Get all three books for writers in one collection perfect for novelists, screenwriters, short story writers, and National Novel Writing Month enthusiasts!
From editor, author, and writing coach Bryn Donovan, you’ll turn to these essential tools on writing again and again to write faster, write more, and write your best work yet.
5,000 Writing Prompts
Blurb: Creative writing prompts for many genres, including fantasy, science fiction, mystery, thriller, romance, young adult, and poetry, as well as prompts for writing about yourself, blog writing, and more. Use it for your work in progress or for a good way to free your imagination from writer’s block!
Master Lists for Writers
Blurb: A reference book and thesaurus designed to make the writing process go more quickly by offering lists for common writing elements…from facial expressions and physical descriptions to conflicts, plots, and character names. Please note that Master Lists for Writers does include adult content for romance writers.
Review: I’m reviewing these two together because I had the same thoughts about both. Here you go:
These books are everything the titles promises: THOUSANDS of ideas on a variety of lists to help motivate and inspire any writer. Whether your a newbie who needs an idea of how to get started or a veteran who needs a fresh idea, you can’t open this book without finding something to inspire you.
(There are some formatting issues, but if you can look past those, this book will get your creativity flowing.)
Blank Page to Final Draft
Blurb: a step-by-step handbook to prep for, write, and edit a novel from with either getting published traditionally or successful self-publishing in mind. It contains help with pacing, dialogue, character development, and more. Even if you’re in the middle of writing a draft, it can provide clarity and a guide for revision.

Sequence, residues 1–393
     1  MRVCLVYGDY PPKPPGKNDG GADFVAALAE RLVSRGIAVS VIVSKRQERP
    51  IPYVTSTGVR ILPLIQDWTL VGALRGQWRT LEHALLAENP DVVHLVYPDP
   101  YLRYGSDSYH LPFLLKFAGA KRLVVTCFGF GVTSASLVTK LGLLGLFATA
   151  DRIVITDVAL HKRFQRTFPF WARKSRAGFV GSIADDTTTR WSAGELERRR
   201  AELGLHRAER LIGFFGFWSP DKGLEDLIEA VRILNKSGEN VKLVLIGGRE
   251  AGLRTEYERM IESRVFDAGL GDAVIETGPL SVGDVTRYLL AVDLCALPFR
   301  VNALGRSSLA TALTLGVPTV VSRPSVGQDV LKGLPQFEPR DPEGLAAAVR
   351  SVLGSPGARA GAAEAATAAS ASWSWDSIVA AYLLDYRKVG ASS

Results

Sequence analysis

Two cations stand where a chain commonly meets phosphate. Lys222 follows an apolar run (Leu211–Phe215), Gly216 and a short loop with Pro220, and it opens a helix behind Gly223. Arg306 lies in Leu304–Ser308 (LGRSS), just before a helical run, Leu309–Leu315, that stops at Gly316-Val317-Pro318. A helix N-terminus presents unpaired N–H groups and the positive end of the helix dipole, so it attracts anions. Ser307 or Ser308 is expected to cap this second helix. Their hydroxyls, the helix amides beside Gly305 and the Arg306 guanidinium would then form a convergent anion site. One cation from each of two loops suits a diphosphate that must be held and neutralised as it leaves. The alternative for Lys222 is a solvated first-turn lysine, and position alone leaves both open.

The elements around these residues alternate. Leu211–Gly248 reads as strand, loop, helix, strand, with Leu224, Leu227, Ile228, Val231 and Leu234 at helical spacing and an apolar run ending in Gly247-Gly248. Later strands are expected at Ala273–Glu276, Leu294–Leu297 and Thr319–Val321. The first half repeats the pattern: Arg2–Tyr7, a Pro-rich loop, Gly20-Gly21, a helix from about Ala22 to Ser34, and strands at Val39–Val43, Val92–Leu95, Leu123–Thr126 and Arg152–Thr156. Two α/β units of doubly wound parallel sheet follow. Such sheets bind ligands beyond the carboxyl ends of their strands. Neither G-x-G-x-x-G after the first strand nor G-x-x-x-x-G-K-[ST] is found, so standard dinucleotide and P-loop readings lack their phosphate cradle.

Review: This was a very different type of writing book. IMO, it’s more of a motivational book than craft book, and I can see it being the go-to book for new writers because of it’s step-by-step approach.
Donovan’s book includes lots of tips and advice, but it’s value isn’t in teaching you fiction-writing techniques (though there are several discussed); it’s value is in walking you step-by-step through writing a novel. Like the title says, it starts with a blank page and gives you the steps you need to finish your first draft.
If you need to strengthen your POV or showing skills, I wouldn’t recommend this book, but if you’re not sure how to start your novel–or you keep starting novels without ever finishing them–I wouldn’t hesitate to pass this along. Donovan’s info and tone are perfect for the struggling, discouraged writer who needs an experienced cheerleader.
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